The term “void-dweller” is used to describe bat species that often utilise small crevices for roosting. Crevices can include natural features such as stone fissures, holes in trees and under loose bark. When found in buildings, crevices can be found underneath raised tiles, within cavity walls, between a roof lining and tiles and under fascia boards. The small size of crevice dwelling bats means that the crevices they can utilise for roosting can be as small as approximately 10mm in size.
Species that are termed “void-dwellers” include (long-eared bats (Plecotus species), Natterer’s bat (Myotis nattereri), Daubenton’s bat (Myotis daubentonii), Bechstein’s bat (Myotis bechsteinii), Leisler’s bat (Nyctalus leisleri) and noctule (Nyctalus noctula))
While planning successful mitigation strategies for void-dwelling bat roosts or hibernation sites, there are a number of factors that need to be considered:
- Temperature and humidity regimes;
- Aspect and orientation;
- Access points;
- Materials; and
- Vegetation linkages
Temperature is deemed one of the most important environmental variables affecting the success of new roosting facility. Optimum roost temperatures is a species-specific relationship.
Aspect and orientation can be manipulated in order to utilise solar energy and maintain optimum temperatures within a roost. In the northern hemisphere, a southerly or westerly facing roost site is best; particularly maternity roosts.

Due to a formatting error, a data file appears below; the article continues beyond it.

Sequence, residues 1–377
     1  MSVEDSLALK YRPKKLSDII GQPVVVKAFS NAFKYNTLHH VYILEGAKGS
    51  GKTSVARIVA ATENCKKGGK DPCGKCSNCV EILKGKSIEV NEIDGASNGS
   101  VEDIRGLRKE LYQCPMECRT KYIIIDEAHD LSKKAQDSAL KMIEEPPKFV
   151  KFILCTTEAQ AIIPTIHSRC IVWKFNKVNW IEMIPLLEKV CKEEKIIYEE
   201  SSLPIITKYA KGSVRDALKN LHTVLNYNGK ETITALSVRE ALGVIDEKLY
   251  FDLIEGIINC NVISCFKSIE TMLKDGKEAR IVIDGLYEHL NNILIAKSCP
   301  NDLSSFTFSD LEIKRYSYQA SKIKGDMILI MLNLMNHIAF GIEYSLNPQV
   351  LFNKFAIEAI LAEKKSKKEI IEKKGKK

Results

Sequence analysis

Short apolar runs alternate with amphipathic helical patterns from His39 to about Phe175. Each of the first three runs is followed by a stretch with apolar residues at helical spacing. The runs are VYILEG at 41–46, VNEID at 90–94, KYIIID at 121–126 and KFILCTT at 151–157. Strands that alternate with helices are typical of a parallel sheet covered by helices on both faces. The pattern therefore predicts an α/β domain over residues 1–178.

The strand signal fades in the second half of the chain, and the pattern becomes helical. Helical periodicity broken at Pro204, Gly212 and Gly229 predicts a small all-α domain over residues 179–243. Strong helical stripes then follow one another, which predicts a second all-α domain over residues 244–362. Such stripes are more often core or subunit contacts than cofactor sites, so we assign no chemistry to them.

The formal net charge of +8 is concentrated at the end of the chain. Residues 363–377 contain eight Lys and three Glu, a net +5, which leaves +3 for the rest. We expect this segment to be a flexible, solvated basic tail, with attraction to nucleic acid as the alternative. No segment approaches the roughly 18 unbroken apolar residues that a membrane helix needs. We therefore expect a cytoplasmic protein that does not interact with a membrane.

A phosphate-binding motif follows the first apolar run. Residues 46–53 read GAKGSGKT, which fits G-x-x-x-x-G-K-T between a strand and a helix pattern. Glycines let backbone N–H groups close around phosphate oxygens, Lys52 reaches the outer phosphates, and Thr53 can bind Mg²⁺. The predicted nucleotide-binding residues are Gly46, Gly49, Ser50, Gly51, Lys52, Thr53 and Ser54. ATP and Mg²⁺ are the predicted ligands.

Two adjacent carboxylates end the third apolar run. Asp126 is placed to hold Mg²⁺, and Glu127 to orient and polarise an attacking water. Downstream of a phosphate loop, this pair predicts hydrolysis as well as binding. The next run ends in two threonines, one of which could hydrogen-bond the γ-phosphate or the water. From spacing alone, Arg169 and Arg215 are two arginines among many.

The size of the roost specifically fovoid-dwelling bats should be at least 2m in height (ideally 2.8m) and 5m in length and width. The void should not be cluttered or obstructed as these species will often fly in spaces between the rafters and ceiling, and ceilings to the floor. Therefore, a typical truss design should be avoided.
Access points are key to the success of roost sites. A variety of openings can be used including larger access points which the bats can use to fly directly into the roost, or smaller access points whereby the bats land and crawl into the roost space.
As nocturnal mammals, bats are light-sensitive and adapted to low light conditions. Therefore, consideration must be made to reduce light spill close to the roosting area.
It is important to consider the Vegetation linkages from the roost access point/s. It may be worthwhile undertaking additional hedgerow/tree planting close to the roost access points connecting to bat commuting or foraging habitat.
Brown long-eared bats are a common void dwelling bat. We’ve written another article which goes into greater detail regarding mitigation for this species.
More information about bats and survey techniques can be found in our articles – Bat Droppings, the Bat Year, Architectural Terms for Bat Surveyors, a Guide to Bat Mitigation, Horseshoe Bat Mitigation and Bat Mitigation for Crevice-dwelling bats.